19 Oct No-Gas Beans
Okay, I can’t truly promise 100% gas-free beans. But how about a significant reduction?
We all know that beans are a “healthy” food, full of fiber, protein and antioxidants. They’re cheap and available almost everywhere. Best of all, dried beans are lightweight and easy to store.
So why don’t we eat beans all the time? For most of us, um, er, well, it’s the gas and bloating that beans can give us.
Dave and I love beans in all sorts of dishes — chili, soups, stews, dips and more. But it wasn’t until Jan (who writes CommuterCruiser and co-wrote The Boat Galley Cookbook with me) told me how to prepare “no-gas beans” that we began eating them four or five times a week.
It turns out that the gassiness is caused by indigestible carbohydrates in beans, with some varieties having more than others. The good news is that these carbohydrates are water soluble, so soaking and rinsing will make a noticeable difference. Cooking thoroughly also helps to break down the carbohydrates, and some spices will work to do the same thing. Combining all three of these methods will produce virtually “no-gas beans.”
Before going into details on these various items, note that if you go from rarely eating beans to eating them frequently, you need to make the change gradually. Beans are a very high fiber food, and making a sudden switch from a low fiber diet to a high fiber diet can cause constipation and/or diarrhea no matter how “gas-free” the preparation method. Slowly increasing your consumption over one to two months will make the transition much smoother.
Soak and Rinse
In general, the longer you soak dried beans, the more indigestible carbs will be leached out from the beans into the water. Discarding the soak water (actually, I use it to rinse and soak dirty dishes so it’s not wasted) can get rid of up to 90% of the indigestible carbs. But you have to plan ahead!
Use 4 to 5 times as much water as dried beans in a pan. No salt or anything else. Bring the beans to a boil for 3 minutes, then let them sit in the water overnight (no need to refrigerate). When you’re ready to cook the beans, discard this water, rinse the beans with a little more water, and then add the cooking water as specified in the recipe. If possible (depending on the recipe), discard the cooking water, too, before using the beans.
With canned beans, drain and rinse the beans before using them in a recipe. And if you have time to let them sit a few minutes in the “rinse water” before swishing it around and pouring it off, you’ll discard even more of the gas-producing carbs. An added benefit if you’re watching your sodium intake is that this removes quite a bit of salt — canned beans are loaded with it!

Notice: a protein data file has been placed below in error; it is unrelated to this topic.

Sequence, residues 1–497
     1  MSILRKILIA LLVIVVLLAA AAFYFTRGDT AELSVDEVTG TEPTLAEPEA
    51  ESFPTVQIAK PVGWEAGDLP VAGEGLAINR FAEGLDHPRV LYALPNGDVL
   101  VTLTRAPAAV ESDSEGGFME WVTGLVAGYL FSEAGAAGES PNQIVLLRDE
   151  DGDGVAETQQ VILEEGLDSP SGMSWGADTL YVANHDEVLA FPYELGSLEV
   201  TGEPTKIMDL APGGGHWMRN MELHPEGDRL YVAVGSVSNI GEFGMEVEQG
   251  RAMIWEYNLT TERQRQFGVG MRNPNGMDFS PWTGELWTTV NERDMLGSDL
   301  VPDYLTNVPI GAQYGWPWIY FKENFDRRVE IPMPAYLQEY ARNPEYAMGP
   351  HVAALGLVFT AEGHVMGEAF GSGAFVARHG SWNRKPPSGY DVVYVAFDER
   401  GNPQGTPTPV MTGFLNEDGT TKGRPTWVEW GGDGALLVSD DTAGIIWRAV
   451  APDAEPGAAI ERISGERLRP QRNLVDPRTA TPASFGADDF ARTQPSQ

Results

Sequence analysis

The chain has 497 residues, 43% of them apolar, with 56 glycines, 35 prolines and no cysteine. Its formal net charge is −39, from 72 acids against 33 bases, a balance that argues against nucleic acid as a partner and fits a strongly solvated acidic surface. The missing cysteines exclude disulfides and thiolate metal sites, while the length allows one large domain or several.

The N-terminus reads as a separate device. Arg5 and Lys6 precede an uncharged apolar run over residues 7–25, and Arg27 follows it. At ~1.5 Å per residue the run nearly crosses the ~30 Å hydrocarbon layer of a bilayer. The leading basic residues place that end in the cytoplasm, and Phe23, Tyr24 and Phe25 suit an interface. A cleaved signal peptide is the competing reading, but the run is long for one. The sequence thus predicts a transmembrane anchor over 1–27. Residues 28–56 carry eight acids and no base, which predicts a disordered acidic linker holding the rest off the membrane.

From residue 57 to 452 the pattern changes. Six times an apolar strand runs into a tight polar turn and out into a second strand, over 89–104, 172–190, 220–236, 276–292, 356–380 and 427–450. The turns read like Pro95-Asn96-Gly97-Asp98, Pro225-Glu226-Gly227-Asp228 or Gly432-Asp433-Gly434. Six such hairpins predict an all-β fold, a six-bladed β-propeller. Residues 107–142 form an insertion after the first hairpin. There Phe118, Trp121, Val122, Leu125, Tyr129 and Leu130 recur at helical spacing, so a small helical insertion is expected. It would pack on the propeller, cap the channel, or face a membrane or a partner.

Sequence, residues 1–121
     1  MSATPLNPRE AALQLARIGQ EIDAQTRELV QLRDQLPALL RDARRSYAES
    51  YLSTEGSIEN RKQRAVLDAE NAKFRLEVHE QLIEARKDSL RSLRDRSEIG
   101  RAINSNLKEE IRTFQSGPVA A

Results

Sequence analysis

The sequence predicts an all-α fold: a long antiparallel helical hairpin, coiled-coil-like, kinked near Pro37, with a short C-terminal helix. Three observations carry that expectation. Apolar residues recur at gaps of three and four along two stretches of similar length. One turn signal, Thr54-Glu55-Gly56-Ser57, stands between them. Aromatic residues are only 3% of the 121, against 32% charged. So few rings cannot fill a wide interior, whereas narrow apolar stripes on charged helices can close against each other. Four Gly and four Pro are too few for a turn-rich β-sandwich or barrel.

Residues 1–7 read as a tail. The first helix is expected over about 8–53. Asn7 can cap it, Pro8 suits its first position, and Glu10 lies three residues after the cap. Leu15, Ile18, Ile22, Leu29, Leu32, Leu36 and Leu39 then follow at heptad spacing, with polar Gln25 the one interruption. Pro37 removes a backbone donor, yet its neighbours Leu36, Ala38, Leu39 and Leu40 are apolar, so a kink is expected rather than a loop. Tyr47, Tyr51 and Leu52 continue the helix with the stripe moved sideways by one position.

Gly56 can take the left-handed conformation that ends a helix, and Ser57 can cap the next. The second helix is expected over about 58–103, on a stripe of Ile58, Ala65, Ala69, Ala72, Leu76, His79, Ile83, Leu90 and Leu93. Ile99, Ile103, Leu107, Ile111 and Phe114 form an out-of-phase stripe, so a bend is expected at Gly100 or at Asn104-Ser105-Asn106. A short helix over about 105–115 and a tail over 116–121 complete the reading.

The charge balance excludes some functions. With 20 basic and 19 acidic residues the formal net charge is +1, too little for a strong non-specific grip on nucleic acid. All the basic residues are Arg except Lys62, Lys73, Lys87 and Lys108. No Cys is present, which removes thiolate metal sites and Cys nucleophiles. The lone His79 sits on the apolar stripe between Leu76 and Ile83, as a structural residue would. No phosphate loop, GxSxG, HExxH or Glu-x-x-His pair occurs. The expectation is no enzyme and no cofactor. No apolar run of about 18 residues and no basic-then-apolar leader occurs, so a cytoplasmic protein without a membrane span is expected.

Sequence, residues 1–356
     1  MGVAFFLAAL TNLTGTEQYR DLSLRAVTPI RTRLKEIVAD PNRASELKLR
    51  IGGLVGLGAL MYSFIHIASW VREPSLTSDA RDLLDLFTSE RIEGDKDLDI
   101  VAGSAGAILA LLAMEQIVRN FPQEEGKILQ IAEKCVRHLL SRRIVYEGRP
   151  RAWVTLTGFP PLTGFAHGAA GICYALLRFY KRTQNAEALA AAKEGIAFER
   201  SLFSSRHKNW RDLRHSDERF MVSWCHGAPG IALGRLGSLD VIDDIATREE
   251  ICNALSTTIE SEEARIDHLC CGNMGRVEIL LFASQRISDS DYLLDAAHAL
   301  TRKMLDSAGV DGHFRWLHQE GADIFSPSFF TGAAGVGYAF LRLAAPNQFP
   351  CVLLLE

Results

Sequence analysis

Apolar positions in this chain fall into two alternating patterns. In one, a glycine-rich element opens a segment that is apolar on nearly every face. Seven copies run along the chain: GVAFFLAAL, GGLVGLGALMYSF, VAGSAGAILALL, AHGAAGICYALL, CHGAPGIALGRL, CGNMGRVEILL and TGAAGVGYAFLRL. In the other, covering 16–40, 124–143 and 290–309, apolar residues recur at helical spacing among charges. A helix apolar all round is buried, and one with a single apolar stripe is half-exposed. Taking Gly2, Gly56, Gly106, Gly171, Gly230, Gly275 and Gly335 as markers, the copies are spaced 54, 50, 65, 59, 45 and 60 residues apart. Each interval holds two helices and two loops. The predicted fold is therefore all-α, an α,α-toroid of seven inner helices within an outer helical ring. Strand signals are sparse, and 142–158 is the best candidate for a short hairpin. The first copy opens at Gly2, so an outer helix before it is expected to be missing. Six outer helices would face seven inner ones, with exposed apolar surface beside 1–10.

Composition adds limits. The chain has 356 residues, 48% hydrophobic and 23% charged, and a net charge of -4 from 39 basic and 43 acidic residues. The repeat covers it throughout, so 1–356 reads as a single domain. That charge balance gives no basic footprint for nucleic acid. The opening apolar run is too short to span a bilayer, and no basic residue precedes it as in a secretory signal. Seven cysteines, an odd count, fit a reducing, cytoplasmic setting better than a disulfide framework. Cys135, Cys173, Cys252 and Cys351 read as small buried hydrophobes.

Thoroughly Cook Beans
Cooking the beans thoroughly further breaks down the indigestible carbs. Canned beans have already been cooked, and don’t need to be cooked further until they are added to the final dish.
Don’t add salt or baking soda to the cooking water — or, for that matter, anything that contains salt or sodium. Salt toughens the beans and considerably lengthens the cooking time.
Use about three times as much water as beans, or guesstimate and cover them by at least one inch, preferably two. Cook them until tender . . . not “almost” tender . . . to get rid of as much gas as possible.
Once again, discard the cooking water or save it to use in rinsing dishes. The beans are now ready to use in your final dish.
Add Gas-Reducing Spices
Adding any of the following spices to the finished dish will further help neutralize the gas-producing starches:
- epazote (it’s a Mexican spice, but very bitter and most people don’t like it)
Garlic and onion in the finished dish are reputed to increase gas, as they each can produce it on their own without the beans.
Some cooks swear that adding a touch of baking soda to the final dish helps but there is no scientific evidence to prove it and many say it does not help. I don’t like what it does to the texture of the beans.
Eating yogurt with live cultures definitely will help — learn how to make your own (it’s easy and delicious). You don’t have to eat it at the same meal — a serving a day increases the “good” enzymes and bacteria in your gut so you can better digest foods.
If you still have a problem, the commercial product Beano can help as it provides an enzyme that some people lack. Most people don’t need it, however, if the beans are given a good long soak (until at least doubled in size) and thoroughly cooked.